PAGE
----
Civil War Book Preview: Blood on the Bayou: Vicksburg,Port Hudson,and the Trans-Mississippi by Donald S. Frazier

by Brett Schulte on February 11, 2015 · 1 comment

Frazier, Donald S. Blood on the Bayou: Vicksburg, Port Hudson, and the Trans-Mississippi. (State House Press: February 2015). 469 pages, dozens of illustrations, 35 maps, notes, bibliography, index.  ISBN: 978-1-933337-63-0. $39.99 (Cloth)

BloodOnTheBayouVicksburgPortHudsonTransMississippiFrazier2015Donald Frazier, author of the ongoing “Louisiana Quadrille” series published by State House Press, is on the verge of releasing volume 3, Blood on the Bayou: Vicksburg, Port Hudson, and the Trans-Mississippi in late February 2015. I’ve said this before, and it bears repeating.  Frazier is doing for the Civil War in Trans-Mississippi Louisiana what Gordon Rhea did for the 1864 Overland Campaign in Virginia.  The difference is that these battles, many of them mere skirmishes when compared to their Eastern counterparts, are often being covered for the very first time in book form.

Blood on the Bayou: Vicksburg, Port Hudson, and the Trans-Mississippi covers the war in Louisiana from June 1863 to February 1864.   A major theme of the book, mentioned directly by Dr. Frazier in the Foreword, is slavery, slaves (current and former), and what to do with these thousands of newly freed people as the contending armies moved back and forth across Louisiana.  More importantly, writes the author, the Union and Confederate authorities seemed obsessed with who physically controlled these people.  Unfortunately, many former slaves don’t fare well in this book, particularly after Nathaniel Banks abandoned 10,000 of them at Brashear City while he was busy reducing Port Hudson.

Camp Pope Publishing

Another major theme of this book concerns the twin sieges at Vicksburg and Port Hudson.  Frazier doesn’t cover these well-known operations directly, because his focus is the Trans-Mississippi.  But all of the operations in Louisiana west of the Mississippi River, especially Confederate initiated operations,  were preoccupied with how to help the Confederates trapped against the river by Grant and Banks.  Walker’s Divisions assaulted Milliken’s Bend in part because they thought Grant still had supplies west of the Mississippi near Vicksburg.  Richard Taylor launched various offensive incursions, including the wildly successful capture of Brashear City and the aggressive threatening of the Lafourche District, New Orleans and the Mississippi River, in an attempt to cause Banks to “blink” and move away from Port Hudson to protect New Orleans. Banks failed to take the bait, and soon came after Taylor’s men himself once Port Hudson was reduced along Bayou Lafourche.  After a sharp check at Kock’s Plantation, the Port Hudson veterans failed to pursue. However, the U. S. Navy tried to trap the Confederates near Brashear City and Berwick Bay, but without success. Most of the book covers battles and movements during June-July 1863 as a result.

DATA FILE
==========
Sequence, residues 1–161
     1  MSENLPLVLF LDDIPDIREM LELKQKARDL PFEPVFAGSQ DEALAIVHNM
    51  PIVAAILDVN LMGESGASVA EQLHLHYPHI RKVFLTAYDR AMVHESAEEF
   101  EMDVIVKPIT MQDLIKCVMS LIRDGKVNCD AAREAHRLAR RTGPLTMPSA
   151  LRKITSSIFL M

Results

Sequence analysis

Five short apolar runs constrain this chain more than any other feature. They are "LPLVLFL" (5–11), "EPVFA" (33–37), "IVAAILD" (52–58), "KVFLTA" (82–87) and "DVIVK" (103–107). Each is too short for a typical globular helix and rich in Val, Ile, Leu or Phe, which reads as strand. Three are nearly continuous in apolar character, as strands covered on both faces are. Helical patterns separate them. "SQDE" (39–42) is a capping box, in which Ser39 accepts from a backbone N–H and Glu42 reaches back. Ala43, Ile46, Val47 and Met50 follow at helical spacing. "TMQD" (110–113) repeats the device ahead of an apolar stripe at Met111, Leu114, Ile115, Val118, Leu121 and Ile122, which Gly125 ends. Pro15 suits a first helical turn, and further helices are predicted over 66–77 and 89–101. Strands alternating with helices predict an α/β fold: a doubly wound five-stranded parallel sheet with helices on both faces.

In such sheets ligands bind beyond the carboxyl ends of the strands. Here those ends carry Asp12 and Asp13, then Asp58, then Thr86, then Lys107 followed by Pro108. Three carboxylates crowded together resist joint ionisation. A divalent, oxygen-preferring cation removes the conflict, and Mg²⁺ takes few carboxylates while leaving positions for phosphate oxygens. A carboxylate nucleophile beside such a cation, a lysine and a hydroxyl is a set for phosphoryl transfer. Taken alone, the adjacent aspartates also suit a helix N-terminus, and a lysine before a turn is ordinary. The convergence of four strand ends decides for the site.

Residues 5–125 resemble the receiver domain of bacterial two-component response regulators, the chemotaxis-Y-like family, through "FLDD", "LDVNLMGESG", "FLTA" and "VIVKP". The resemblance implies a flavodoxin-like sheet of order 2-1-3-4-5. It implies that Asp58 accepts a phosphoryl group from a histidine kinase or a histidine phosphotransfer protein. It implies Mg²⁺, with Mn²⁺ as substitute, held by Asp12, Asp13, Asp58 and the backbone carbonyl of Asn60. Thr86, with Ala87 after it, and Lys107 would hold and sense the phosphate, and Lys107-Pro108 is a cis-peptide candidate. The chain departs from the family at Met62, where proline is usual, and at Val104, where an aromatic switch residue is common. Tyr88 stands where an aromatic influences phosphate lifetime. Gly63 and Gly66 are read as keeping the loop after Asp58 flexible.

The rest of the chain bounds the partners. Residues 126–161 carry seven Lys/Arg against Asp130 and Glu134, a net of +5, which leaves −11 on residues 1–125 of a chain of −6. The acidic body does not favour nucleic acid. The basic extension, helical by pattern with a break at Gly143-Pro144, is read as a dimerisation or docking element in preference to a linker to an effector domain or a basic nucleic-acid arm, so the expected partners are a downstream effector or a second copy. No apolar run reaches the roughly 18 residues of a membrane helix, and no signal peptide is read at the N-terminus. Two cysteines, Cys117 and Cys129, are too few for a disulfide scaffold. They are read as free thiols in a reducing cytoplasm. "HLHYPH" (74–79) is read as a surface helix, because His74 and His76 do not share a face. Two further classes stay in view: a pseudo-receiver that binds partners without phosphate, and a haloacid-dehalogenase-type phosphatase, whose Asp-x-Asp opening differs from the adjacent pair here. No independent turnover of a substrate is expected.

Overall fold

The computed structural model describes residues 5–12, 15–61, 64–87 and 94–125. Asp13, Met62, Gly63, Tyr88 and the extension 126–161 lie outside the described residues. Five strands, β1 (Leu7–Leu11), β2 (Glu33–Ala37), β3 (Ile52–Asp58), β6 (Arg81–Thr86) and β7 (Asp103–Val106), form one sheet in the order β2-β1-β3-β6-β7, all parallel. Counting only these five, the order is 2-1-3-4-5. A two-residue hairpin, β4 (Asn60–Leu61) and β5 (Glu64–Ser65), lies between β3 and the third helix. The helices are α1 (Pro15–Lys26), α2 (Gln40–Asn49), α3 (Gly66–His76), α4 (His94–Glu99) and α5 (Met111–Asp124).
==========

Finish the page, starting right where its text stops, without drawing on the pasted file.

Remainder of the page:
The time period from August 1863 to February 1864 is covered near the very end of the book.  The massive reversal of Confederate fortune led many Southern sympathizers in Louisiana to evacuate form their homes, slaves in tow, to northeast Texas.  Kirby Smith was forced to maintain an army and act as the de facto Confederate government west of the Mississippi River.

The number of illustrations and maps in this book are simply amazing.  Kudos to the author and State House Press for cramming Blood on the Bayou chock full of these visual aids.  Readers unfamiliar with Louisiana geography and climate will quickly become acclimated as a result.  The book contains 35 maps, including multiple maps on specific battles and skirmishes, showing how the fighting progressed.  Many of these maps go down to the regimental and even company level.  War gamers will find an array of interesting fights which could be easily gamed on a miniatures board or using various computer games with scenario builders.

Blood on the Bayou: Vicksburg, Port Hudson, and the Trans-Mississippi, Frazier’s third book of a planned four in the Louisiana Quadrille series, is more of the excellent same while also moving in an unexpected direction, both for the author and the reader.  The result is a blend of excellent tactical battle history and well as a new focus on the beginning of the end of slavery in Louisiana.

Look for a full review of the book by Ned Baldwin in the coming weeks, followed by my own review a little later.

Go buy this book and the first two books in the series, Fire in the Cane Field: The Federal Invasion of Louisiana and Texas, January 1861-January 1863 and Thunder Across the Swamp: The Fight for the Lower Mississippi, February-May 1863.  Frazier is one of the best Civil War authors you’ll read, seamlessly blending official reports, personal reminiscences, and a multitude of images and maps, many from his own personal collection.


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{ 1 comment… read it below or add one }

Ned B. February 16, 2015 at 7:13 pm

Publication appears to have been delayed; at least I have been notified that shipment of my book is delayed. Thus my expected review will be delayed as well.

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